Gallery Representation: Case Study, Conrad Freiburg

Jeriah Hildwine

[this is Part 2, in Hildwine’s series about gallery representation. Part 1 is here ]

Many artists seek gallery representation as a step forward for their careers, and I am no exception. I’ve written the emails, mailed the slides, even been invited to bring my work into a gallery to show it to the gallerist in person…but so far, no representation, no solo show. I’ve done the group shows, answered the calls for artists, participated in the juried shows, and I continue to pursue these activities, but the solo show in a commercial gallery, the representation, remains elusive. It can be debated how necessary and how advantageous gallery representation is for an artist today, with many opportunities being available in alternative spaces, but for many, myself included, it remains an alluring prospect.

Rather than speculate on that which I do not know, I’ve solicited the opinions of some of my artist friends who do have gallery representation, to ask them for their insider’s view on how one gets a gallery, what its advantages are, and whether there are any pitfalls or caveats one should be aware of. The first artist to get back to me was my friend Conrad Freiburg, who shows with Linda Warren Gallery. I’m a big fan of both Conrad’s and Linda’s, both personally and professionally, and so was very glad to get Conrad’s feedback on their working relationship. I first asked Conrad about how he ended up getting introduced to Linda:

Conrad: I got a meeting with Linda because my friend who was working for her showed her my work and we set up an appointment to look at my portfolio. I also had a piece in a group show right down the street at gallery 312, so we went and looked at it. This led to some work in a couple of group shows at her gallery, and then I pitched the Slipping Glimpser bowling ball roller coaster as a solo show. She has been super supportive of my work regardless of its commercial viability. It has been a mutual interest and trust all along the way.

Many artists take the advantages of gallery representation as a given, somewhat naively operating under an outdated notion of a gallery paternalistically taking care of a small stable of chosen artists, guiding their career and taking care of their every need. While this stereotype may have been true for a few lucky artists in a few New York galleries in the 1980s, it’s far from the norm today. I asked Conrad for a more practical, realistic impression of what advantages gallery representation have offered him in the real world today:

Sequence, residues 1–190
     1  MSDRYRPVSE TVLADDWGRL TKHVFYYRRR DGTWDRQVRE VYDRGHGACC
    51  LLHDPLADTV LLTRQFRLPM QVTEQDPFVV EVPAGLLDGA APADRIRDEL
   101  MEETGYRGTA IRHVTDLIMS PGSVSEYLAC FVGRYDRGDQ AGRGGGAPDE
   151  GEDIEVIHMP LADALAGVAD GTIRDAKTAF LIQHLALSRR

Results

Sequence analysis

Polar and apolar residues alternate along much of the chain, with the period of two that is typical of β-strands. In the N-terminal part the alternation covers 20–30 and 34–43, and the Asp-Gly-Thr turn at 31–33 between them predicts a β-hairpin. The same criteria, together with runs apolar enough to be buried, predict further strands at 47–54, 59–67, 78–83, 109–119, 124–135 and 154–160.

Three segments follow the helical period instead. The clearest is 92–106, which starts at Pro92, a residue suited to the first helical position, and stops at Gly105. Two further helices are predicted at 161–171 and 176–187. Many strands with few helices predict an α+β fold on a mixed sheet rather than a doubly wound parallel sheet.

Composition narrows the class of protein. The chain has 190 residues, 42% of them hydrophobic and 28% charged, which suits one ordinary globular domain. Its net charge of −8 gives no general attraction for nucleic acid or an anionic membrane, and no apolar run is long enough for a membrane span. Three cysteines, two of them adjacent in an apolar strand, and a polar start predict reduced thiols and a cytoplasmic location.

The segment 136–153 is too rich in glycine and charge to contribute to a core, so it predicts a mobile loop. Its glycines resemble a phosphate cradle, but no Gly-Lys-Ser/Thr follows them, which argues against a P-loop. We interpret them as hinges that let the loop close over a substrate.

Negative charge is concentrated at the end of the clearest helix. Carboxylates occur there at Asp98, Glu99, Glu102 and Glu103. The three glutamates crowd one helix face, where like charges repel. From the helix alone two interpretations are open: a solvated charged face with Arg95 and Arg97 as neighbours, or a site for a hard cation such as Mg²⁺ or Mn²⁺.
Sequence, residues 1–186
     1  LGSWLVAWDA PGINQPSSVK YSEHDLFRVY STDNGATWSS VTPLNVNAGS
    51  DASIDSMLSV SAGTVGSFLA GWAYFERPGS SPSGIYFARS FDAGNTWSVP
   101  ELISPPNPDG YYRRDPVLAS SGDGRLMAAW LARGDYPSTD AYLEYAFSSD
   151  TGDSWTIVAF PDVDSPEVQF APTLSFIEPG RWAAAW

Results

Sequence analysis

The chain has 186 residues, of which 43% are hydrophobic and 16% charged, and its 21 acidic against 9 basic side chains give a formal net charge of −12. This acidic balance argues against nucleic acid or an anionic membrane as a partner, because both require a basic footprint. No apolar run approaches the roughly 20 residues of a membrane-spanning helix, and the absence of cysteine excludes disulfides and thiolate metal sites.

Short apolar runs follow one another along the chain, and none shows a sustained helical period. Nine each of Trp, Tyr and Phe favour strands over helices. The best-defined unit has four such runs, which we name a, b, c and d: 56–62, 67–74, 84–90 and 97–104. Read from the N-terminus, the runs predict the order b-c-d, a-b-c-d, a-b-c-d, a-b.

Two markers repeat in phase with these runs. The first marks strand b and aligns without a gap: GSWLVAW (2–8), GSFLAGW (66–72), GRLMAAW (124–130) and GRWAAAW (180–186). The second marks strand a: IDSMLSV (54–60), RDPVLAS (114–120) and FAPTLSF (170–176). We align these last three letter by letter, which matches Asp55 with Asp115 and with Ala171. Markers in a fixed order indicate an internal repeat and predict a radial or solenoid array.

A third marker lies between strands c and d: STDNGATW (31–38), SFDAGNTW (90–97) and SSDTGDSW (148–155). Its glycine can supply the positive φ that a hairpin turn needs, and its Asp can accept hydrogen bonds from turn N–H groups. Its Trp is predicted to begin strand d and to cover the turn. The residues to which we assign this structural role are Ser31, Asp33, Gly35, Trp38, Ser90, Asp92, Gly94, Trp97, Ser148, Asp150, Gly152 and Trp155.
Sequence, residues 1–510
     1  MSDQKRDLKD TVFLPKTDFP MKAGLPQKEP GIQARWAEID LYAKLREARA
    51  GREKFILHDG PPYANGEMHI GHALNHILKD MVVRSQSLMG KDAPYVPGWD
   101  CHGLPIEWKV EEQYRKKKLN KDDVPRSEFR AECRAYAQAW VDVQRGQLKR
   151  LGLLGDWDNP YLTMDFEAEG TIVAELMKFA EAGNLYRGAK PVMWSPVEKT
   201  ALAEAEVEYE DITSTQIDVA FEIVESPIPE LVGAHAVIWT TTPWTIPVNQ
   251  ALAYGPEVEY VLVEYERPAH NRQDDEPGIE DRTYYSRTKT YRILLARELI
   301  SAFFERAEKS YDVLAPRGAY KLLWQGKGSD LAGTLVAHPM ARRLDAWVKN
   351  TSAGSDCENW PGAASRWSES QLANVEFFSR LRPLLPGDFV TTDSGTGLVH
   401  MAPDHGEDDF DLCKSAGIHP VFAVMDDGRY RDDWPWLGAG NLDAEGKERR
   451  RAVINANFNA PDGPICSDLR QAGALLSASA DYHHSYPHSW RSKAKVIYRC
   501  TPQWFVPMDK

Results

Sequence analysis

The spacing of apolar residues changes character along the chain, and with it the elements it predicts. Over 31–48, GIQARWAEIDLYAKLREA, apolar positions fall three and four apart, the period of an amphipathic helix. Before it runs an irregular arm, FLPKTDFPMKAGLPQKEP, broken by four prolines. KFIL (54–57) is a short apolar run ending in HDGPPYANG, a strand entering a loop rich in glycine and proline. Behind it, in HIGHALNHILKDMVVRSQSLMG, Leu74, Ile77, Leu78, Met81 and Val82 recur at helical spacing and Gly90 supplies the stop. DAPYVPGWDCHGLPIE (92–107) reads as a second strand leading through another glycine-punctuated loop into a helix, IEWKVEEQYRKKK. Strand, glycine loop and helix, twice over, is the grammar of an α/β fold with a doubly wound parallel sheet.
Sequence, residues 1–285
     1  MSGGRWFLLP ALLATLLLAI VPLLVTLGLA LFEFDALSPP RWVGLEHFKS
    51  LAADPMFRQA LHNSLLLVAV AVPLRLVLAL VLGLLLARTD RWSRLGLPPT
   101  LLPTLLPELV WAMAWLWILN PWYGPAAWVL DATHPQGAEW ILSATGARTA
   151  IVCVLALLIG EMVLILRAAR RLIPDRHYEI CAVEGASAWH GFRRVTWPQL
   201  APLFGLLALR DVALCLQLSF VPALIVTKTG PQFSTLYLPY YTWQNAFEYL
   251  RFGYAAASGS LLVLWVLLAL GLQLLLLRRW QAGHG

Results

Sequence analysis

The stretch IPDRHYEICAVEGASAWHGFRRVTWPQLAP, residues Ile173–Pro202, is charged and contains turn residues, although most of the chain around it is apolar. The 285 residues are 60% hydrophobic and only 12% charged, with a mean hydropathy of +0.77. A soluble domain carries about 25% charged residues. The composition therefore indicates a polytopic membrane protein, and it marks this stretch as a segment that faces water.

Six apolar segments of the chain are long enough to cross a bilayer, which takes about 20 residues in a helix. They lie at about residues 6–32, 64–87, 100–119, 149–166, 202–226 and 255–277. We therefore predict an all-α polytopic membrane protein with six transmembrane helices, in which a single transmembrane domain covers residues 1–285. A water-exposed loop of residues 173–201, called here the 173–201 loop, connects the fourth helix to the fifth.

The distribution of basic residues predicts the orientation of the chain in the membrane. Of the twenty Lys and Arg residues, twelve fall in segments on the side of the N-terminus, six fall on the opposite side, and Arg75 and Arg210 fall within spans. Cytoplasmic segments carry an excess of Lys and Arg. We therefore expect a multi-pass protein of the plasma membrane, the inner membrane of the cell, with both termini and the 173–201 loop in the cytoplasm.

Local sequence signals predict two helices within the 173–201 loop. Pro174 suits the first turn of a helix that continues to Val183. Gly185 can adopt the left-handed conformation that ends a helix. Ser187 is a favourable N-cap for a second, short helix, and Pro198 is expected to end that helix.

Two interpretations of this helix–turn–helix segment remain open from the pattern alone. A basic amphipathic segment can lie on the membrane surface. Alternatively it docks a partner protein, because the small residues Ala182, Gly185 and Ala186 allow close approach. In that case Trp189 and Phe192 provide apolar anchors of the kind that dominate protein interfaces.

Conrad: Having representation has helped with practical stuff like getting press and having a formalized space for display. Also it has helped develop a collector base which someday might lead to the long term value of the silly things I leave behind. It is fantastic working with Linda who is smart and vivacious and willing to trust that my weirdest ideas will turn out well, or at least strange enough to be worth thinking about. The tertiary discussions about the artwork that happen when I’m not around are perhaps the most valuable thing though. The gallery and the conversation next to the object is where the art begins to speak for itself and be tested in a public and social environment.

While it may not be fashionable for artists to talk about their work in financial terms, we have to pay the rent just like everybody else. A few artists are actually able to support themselves entirely on the sale of their artwork, but even among artists with gallery representation, this is comparatively rare. I asked Conrad to talk about the financial aspect of the gallery relationship.

Conrad: On the economy of it, I look at it like I am investing in futures. It is certainly not the situation where you get gallery representation then you’re sitting pretty and cashing checks. If I break even on material costs I’m happy. The art has to be sufficient unto itself and effective regardless of its economic viability. The act of making art needs to come from a crafted and generous willingness to folly (risk). I feel exceedingly lucky that Linda Warren saw the potential of my work and gave it a chance; her friendship, support, and counsel in terms of the business side of things have been invaluable, and in return, I give her the opportunity to bring the best work of my tender years to market.

Lastly, I asked Conrad to talk about alternatives to gallery representation: whether it was really necessary, and whether there were advantages to going without. Is gallery representation really all that important? I’ll give Conrad the last word:

Conrad: There are important options outside of the gallery system though. The artist-to-artist exchanges and social network are the real gravy of the art world. The beautiful weird of a life well lived while poor is incessantly inspiring to me. Having no boss and seeing where the day takes you are virtuous pursuits in line with the artist’s life, but economically you might be shitting in a bucket, going to bed with all your clothes on in the winter, eating sprouts to save money, and other such joys. Friendship is free, thank goodness and without my artist friends who need no explanation, the world would be a darker place, and I would be working on the railroad all the live long day.